method of lizzy

preservations… for posterity

Find Your Strongest Life

lifeTo be honest, I would never have picked up this book on my own accord. The reader will quickly notice that the author, Marcus Buckingham, is a man – yet this is a book for women. On top of that, this looks very much looks like a self-help book – a genre I stopped reading when I was about 17. Despite these two obstacles, I wanted to read this after I read about it on Michael Hyatt’s blog:

Most of us were taught by our parents and teachers that the secret to success is improving our weaknesses. As it turns out, this is completely wrong-headed. You can focus on your weaknesses all you want, but you will likely only make marginal improvements. However, if you will focus on your strengths—those things that you are naturally good at and come easily to you—you can make huge strides. In fact, when you do so, you will be more happy and fulfilled. Not only that, you will make your greatest contribution to the world.

Buckingham starts off with startling statistics relevant to the modern woman: despite a wealth of opportunities, women are less happy than they were forty years ago and less happy relative to men. While an extra hour of free time will double a man’s feelings of relaxation, it will do nothing for a woman. Studies show that having kids only amplifies both of the previous statements. Six major studies of happiness also show that “though women begin their lives more fulfilled than mean, as they age, they gradually become less happy. Men, in contrast, get happier as they get older” (p.19). Continue reading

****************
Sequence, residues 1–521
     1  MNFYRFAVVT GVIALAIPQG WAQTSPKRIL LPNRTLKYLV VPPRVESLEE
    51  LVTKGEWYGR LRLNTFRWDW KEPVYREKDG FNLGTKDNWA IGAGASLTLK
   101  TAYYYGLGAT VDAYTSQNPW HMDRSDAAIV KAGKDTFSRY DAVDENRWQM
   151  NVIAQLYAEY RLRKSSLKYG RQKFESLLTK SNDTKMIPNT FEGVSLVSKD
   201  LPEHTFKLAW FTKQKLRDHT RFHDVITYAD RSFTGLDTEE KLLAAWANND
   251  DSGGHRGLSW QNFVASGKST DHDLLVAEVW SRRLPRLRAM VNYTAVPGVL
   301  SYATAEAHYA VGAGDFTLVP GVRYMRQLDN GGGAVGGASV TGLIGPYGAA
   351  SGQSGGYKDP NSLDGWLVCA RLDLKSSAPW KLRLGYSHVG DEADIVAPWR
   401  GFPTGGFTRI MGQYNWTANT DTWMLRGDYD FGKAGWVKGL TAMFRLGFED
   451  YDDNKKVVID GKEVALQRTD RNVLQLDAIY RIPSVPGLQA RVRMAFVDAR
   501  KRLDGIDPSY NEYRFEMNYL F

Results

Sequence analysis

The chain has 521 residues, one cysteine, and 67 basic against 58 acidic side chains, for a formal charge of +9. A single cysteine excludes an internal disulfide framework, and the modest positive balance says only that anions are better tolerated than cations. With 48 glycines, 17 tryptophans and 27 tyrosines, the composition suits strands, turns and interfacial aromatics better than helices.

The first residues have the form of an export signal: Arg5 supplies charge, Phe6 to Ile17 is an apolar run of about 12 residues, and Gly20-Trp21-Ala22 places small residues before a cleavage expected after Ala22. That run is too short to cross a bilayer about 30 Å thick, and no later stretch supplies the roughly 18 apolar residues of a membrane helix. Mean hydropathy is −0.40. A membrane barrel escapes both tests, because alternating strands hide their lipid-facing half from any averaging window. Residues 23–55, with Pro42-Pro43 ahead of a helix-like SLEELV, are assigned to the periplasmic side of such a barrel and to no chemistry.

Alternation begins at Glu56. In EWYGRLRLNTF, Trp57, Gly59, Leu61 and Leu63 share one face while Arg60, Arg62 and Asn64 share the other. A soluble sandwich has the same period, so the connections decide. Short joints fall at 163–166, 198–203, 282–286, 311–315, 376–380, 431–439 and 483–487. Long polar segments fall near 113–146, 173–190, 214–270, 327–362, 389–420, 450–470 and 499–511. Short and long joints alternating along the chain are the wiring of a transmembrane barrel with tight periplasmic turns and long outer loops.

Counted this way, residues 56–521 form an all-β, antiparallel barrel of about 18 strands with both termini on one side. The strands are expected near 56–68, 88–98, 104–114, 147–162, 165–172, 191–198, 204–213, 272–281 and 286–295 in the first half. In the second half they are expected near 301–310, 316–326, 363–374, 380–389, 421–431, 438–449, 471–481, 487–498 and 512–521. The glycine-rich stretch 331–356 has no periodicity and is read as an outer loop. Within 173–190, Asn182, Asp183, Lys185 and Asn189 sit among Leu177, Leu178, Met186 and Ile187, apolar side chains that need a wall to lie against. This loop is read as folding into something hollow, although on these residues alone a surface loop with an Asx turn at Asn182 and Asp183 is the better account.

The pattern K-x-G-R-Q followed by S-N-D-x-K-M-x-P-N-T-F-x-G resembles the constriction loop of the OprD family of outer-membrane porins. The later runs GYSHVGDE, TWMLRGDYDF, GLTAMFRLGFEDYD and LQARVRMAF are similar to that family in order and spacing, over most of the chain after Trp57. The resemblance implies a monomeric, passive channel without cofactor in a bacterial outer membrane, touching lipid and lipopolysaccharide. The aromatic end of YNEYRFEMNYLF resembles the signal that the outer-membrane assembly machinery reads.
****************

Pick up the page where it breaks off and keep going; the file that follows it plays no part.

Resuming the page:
October 5, 2009 Posted by | books, introspection | Comments Off on Find Your Strongest Life

Mitten Strings for God

mitten stringsYou might be surprised, but a mother of a 9-month old who only works 2 days a week can still qualify as a “mother in a hurry”. Hurried is sometimes just a state of mind. I become stuck in a cycle of counting down the hours until nap time, rushing out to run errand in between nap times, and then using that precious nap time to do something totally mundane (checking Facebook, for instance). At the end of the day, my baby hasn’t received the attention that he needs and I’m exhausted from all the running around.

 

Continue reading

June 8, 2009 Posted by | books, introspection, motherhood | 1 Comment

Perfect Madness: Motherhood in the Age of Anxiety

This time the bargain bin really panned out. I picked this up on a whim, after the juxtaposition of motherhood and anxiety caught my eye.